A little more persistence, a little more effort, and what seemed hopeless failure may turn to glorious success. - Elbert Hubbard
It is hard to share that same view when you’re reeling from a freshly missed opportunity. Know that at such a time, it is natural to feel at a loss, and like you’ve been served up the short end of the stick.
The first thing to do when you’ve been passed up for a promotion is to process what happened and get through the emotional upheaval. Remember, any conversation you have when high on emotions is probably going to be counterproductive.
Take some time out to pamper yourself, or unwind doing something you haven’t done in a while. Reclaim your lost confidence. Then, you’re ready to deal with the situation. Here are a few things you can do:
1. Set Up Time With Your Manager
The purpose of this conversation isn’t to discuss what went wrong, but to seek feedback and do even better this time around. Some companies measure success on a relative bell curve so your performance may have simply been overshadowed by someone else. While this isn’t fair, having a conversation to highlight what you got right, set goals for the next year and agree on them with your manager can really help.
2. Build Your Skills
Sometimes, the only way to succeed is to become so good at what you do that you just cannot be replaced. Keep in mind that these skills can be both role-specific as well as more generic ones. For example, many companies value employees with a rich skill-set who have a demonstrated track record of also being a good communicator. Focus on ways by which you can differentiate yourself from the competition. Sometimes, winning the race means choosing a different running track altogether.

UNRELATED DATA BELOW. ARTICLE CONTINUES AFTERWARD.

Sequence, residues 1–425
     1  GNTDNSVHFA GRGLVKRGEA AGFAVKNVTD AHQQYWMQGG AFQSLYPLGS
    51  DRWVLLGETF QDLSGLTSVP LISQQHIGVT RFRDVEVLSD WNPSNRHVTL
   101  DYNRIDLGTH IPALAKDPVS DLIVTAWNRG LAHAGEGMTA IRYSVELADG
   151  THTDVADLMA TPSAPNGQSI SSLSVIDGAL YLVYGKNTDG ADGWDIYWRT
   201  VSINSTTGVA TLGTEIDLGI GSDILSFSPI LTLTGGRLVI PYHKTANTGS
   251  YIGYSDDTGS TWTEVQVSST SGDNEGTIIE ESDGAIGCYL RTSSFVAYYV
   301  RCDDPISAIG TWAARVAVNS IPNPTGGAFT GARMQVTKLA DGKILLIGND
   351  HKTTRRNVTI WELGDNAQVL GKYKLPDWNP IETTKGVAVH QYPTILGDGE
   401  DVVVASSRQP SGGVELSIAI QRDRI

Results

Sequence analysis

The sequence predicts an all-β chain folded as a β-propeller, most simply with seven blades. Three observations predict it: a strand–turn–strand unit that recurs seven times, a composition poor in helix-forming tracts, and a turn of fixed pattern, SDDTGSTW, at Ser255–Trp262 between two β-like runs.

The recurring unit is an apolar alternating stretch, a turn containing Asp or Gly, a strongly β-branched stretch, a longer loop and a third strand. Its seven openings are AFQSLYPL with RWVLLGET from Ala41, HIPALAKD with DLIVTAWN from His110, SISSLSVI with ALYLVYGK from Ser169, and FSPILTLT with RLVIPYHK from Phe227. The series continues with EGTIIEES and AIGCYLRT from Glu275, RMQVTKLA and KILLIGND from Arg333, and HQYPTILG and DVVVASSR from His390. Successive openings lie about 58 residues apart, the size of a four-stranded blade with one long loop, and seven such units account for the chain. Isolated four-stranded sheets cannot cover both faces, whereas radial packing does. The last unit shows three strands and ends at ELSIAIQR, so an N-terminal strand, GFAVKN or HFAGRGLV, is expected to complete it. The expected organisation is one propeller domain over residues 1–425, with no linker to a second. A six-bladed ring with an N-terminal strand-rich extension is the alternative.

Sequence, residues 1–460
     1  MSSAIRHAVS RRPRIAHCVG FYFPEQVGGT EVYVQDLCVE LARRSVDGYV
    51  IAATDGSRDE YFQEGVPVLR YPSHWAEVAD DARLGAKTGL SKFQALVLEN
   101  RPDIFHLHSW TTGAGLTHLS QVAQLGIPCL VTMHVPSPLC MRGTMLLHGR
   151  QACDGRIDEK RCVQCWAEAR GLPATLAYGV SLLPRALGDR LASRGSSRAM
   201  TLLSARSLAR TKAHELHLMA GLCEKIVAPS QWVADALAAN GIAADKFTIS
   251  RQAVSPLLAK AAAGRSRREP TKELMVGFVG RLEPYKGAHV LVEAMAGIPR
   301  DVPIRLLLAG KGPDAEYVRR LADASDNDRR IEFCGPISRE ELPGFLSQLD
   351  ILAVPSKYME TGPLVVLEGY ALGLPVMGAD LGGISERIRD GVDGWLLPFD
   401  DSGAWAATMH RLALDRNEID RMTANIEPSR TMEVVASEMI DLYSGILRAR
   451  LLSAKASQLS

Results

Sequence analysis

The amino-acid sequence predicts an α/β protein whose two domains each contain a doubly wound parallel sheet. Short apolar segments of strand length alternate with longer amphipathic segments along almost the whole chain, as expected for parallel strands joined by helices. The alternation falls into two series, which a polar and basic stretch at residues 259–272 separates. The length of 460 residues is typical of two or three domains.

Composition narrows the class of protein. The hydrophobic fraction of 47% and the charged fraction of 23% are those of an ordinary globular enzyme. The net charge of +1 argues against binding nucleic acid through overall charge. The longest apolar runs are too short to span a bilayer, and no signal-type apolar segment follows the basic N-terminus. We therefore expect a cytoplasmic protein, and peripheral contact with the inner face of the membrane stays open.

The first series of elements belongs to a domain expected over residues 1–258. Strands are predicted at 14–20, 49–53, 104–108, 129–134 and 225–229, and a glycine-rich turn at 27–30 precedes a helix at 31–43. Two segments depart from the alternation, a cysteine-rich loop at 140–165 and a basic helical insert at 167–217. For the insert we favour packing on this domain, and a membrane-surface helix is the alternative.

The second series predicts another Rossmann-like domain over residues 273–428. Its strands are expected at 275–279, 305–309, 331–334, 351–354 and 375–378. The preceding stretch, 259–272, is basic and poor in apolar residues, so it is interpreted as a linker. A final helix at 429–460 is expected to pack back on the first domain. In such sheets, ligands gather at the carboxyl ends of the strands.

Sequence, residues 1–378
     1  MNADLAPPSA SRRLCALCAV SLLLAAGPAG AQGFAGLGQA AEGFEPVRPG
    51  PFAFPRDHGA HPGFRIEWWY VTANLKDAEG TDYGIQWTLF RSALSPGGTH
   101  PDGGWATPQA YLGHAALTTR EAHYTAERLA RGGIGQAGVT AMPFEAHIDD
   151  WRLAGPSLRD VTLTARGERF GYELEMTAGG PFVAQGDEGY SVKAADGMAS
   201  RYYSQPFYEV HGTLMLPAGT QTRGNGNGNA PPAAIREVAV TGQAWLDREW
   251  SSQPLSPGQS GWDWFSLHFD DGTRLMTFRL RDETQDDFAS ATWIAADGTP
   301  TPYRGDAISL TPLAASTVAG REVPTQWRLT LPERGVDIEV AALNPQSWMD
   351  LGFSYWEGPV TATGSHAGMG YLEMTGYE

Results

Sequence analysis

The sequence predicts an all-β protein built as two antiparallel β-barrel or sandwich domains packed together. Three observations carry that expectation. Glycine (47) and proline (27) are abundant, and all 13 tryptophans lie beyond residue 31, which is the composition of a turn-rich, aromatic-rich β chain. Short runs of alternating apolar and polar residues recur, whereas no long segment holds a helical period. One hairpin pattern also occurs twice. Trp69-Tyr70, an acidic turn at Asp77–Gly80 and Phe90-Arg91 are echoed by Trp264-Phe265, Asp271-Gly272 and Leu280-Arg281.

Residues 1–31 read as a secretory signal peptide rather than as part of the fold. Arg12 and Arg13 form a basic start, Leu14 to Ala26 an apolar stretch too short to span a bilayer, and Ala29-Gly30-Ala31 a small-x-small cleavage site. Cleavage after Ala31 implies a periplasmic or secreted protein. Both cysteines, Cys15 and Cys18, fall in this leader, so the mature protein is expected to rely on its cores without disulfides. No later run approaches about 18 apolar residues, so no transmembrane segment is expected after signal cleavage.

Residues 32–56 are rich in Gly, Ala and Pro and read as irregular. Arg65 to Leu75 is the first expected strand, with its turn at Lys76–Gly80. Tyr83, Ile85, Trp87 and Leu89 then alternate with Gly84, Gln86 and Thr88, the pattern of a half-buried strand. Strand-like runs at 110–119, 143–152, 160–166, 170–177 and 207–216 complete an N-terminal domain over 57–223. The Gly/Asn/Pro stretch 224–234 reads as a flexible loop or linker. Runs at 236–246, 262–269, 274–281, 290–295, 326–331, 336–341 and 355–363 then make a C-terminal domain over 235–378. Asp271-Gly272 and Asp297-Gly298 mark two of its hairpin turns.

3. Keep A Success Journal
Sometimes, we all need a cup of tea for the soul. Keep a small notebook handy to make a note of all the things you get right on a daily basis. If you’ve gone the extra mile to make something happen, keep a record of it. Not only does this serve as a morale boost, but it also can come in handy during the next appraisal period.
We heard this at a conference recently- your network is your net worth. Truer words have never been uttered. Remember that the people you know can open doors for you and make things happen. They can help you explore new opportunities in a different vertical, or even entrust you with projects you would otherwise never get. Networking is not a one-day thing where you hang out at office parties. Put some extra effort into building genuine relationships at work. They always come in handy and being trustworthy always pays off.
5. Consider Your Engagement Levels
Answer this question honestly- are you an engaged employee? Do you, in every instance, see where your company is going and your specific role in making it happen? Do you believe that your work gives you a purpose? Disengagement is awfully common in today’s times, and it isn’t just one person’s fault. Sometimes, employees may find that they are just not cut out for the sort of profile they’re in. You can either ask for a lateral shift or quit and upskill yourself in a field that genuinely interests you. If it is a case of systemic disengagement, bring it to the management’s notice- and try and share as specific feedback as possible to help them.
Hard as it is to accept, sometimes, a missed promotion may simply be a long-term decision. Perhaps, the company does not need people in the new role just yet. Even if that isn’t the case, get your game face on and congratulate those that made the cut. Remember point four. A genuine desire to collaborate can take you very far, very soon. Don’t let a short-term setback get you down!